19:54 May 3, 2012 by nomadams
This is amusing. You see, when I arrived in Germany the first email I sent was to the language department at the University of Stuttgart asking about German language classes. I didn't receive a response. So then I tried the local adult college and was told the class was only for people going through the integration program. Could I qualify for the integration program? Nope. Apparently speaking English means you're on your own when it comes to integration. I eventually gave up and now I live in London. Oddly, hardly anyone speaks English here, either. Go figure.
20:41 May 3, 2012 by ovalle3.14
I think it's a good idea but learning enough German to be able to take a university course in the language is a matter of years. This is a two-way street and I have to agree with @mitanni, Germans should also learn something else than German.
21:04 May 3, 2012 by belladons
I agree with mitanni, but I also agree with the story.
21:36 May 3, 2012 by mitanni
Looking at Hippler's original comments, I think this turns out to be blown out of proportion. Hippler suggested using German in classes mainly because he thought that German professors could make classes more engaging if they could teach in their native language. He probably has a point there, but ultimately, German academics need to be able to engage an audience in English anyway, so the solution is not to change German graduate programs, but to improve the ability of German academics to speak English.

I don't understand this hand-wringing anyway. Having separate literary languages and vernaculars has been the norm throughout human history and is the norm around the world. Any reasonably educated person should have no problems being fluent in two or three languages.
21:52 May 3, 2012 by gorongoza
Herr Hipler why offer those science subjects in a foreign language (English) in the first place? When foreign students with no German Language enroll for the courses you start to complain. I found it utterly absurd for a person in your position screaming the way you do.

You sounding like you are not so sure of your mother language - Deutsch - wether to tell people that with German languge you can even be a better scientist. Yes one can be a better scientist with German language:that is how I see it after exposure to the German language. May be you are suffering from a complex - only known to yourself when it comes to your mother language.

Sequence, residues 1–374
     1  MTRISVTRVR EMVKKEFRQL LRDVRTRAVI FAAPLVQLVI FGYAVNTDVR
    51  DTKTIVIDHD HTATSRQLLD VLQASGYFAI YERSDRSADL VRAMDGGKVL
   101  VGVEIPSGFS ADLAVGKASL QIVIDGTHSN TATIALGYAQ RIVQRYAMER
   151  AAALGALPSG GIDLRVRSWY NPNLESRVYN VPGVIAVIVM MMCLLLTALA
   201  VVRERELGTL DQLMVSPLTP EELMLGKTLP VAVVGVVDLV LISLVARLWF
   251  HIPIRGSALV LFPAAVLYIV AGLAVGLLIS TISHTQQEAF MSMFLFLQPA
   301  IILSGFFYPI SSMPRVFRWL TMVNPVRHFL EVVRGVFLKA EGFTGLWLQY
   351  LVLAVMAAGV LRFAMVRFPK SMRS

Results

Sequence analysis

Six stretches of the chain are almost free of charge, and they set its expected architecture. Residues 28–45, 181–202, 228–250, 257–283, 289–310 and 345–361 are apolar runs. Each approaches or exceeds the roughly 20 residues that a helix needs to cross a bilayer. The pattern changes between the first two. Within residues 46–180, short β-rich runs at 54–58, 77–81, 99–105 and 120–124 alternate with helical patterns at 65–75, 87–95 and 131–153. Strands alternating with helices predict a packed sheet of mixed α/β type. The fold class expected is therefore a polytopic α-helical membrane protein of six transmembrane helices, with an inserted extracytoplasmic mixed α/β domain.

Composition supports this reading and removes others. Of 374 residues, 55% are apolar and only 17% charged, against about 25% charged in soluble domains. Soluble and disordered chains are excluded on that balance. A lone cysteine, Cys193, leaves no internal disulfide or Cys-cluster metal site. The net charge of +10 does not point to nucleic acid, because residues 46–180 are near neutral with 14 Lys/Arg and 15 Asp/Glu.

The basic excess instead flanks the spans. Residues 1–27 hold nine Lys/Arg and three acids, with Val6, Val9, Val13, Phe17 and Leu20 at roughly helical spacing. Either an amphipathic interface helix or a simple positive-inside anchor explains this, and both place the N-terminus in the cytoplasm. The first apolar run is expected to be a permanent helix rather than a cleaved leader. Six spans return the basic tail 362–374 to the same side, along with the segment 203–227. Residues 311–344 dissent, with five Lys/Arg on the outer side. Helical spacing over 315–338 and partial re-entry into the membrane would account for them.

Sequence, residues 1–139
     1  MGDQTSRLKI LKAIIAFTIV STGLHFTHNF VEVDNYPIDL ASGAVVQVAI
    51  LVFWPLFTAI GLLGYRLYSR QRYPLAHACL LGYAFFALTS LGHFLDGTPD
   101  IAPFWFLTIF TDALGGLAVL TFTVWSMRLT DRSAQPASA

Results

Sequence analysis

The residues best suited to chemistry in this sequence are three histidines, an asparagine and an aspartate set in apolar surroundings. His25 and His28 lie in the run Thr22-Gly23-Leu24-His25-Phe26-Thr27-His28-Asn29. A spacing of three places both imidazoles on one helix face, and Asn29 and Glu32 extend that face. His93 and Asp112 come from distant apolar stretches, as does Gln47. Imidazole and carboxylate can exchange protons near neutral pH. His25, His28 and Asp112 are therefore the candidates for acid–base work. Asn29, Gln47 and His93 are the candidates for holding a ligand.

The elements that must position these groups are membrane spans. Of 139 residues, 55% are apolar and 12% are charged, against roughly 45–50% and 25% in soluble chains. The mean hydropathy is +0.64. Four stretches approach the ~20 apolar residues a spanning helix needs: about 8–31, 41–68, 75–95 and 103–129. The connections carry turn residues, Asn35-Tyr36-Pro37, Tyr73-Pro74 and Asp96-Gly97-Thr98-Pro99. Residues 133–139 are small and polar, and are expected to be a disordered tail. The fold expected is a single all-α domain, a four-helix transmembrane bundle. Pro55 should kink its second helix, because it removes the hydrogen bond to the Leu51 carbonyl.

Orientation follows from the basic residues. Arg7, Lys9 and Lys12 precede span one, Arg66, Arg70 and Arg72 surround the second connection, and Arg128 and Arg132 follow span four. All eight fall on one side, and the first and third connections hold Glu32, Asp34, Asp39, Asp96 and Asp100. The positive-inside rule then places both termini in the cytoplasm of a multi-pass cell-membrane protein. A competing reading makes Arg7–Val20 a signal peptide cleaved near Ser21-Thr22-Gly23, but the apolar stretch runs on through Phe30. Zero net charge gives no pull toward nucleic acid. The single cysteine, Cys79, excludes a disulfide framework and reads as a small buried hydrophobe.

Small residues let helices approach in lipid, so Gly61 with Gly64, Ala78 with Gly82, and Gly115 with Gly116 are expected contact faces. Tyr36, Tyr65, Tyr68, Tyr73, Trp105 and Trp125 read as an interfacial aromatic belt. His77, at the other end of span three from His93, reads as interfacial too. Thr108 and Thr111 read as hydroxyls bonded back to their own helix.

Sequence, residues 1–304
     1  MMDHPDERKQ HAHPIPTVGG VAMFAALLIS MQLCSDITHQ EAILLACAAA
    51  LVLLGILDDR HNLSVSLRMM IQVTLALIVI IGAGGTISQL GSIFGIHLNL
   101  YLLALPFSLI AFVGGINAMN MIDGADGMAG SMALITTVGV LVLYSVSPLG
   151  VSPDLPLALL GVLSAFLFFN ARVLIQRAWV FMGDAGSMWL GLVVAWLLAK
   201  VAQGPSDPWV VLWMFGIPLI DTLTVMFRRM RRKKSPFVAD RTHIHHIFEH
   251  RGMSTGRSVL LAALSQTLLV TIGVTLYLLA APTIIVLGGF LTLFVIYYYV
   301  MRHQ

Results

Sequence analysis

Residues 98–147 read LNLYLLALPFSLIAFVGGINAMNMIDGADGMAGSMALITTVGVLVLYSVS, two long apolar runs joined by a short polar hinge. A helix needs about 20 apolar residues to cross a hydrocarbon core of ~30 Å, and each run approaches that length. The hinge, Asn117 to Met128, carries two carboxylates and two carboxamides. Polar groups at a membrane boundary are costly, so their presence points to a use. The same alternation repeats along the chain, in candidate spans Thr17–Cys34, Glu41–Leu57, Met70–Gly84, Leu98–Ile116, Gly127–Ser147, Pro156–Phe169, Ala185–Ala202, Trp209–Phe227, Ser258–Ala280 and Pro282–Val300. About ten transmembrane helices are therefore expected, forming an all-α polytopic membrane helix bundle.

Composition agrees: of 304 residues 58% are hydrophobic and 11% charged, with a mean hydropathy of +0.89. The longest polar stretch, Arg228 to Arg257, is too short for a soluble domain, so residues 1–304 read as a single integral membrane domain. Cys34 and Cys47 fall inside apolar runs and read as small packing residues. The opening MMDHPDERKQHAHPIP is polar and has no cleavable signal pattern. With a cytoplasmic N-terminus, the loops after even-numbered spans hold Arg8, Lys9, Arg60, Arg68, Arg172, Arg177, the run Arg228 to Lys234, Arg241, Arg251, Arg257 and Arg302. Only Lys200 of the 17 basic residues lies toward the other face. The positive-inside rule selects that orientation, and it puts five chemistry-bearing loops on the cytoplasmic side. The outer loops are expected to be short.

You do not need to sound dictating: every fish that swims in German pool will eventually and automatically learn the language.

Herr Hipler will do the same when he goes to a foreign land: he will start off or rather continue to speak in Deutsch for the first few months but with time he will be heard talking in the local language. No big deal really unless Herr Hipler has something else troubling him at the back of his mind.
22:31 May 3, 2012 by Sayer
Carlos Ghosn, Chairman of Nissan-Renault: "English is the software of business. Learn it!"
23:19 May 3, 2012 by m0fugga
"Living in a country without speaking the language at all is an obnoxious thing to do." I'm inclined to support the statement. Where I live, this can be a real problem. I, for one, would never go for an extended period of time living in a foreign land without learning to be at least moderately conversational in the native language. Props to nomadams for making the attempt. If Germans decide to abandon the old language so be it, but while it remains a staple of German living, it should be learned by both it's citizens AND its long term visitors. And this should be true of ANY countries native tongue....
23:50 May 3, 2012 by ChrisRea
Germany offers this international courses at very low prices (at least compared to US and Great Britain). It is a good strategy if you want to attract intelligent minds in the country, but, as we read in a previous article http://www.thelocal.de/education/20120424-42127.html, most of the graduates leave the country because they have problems integrating (even if 80% would like to remain). If they would know a bit of German (let's say B1-B2), I am pretty sure the integration problems would be much smaller and Germany would benefit from retaining a qualified workforce.

I guess the idea of scientific courses in German is only a pretext. A regular university teaching in German requires at least C1 (so right under the level of a native). If starting from scratch, I think one would need some 2-3 years to reach this level, so there is no much time left to study in German.
00:02 May 4, 2012 by Whipmanager
@Chrisrea: I agree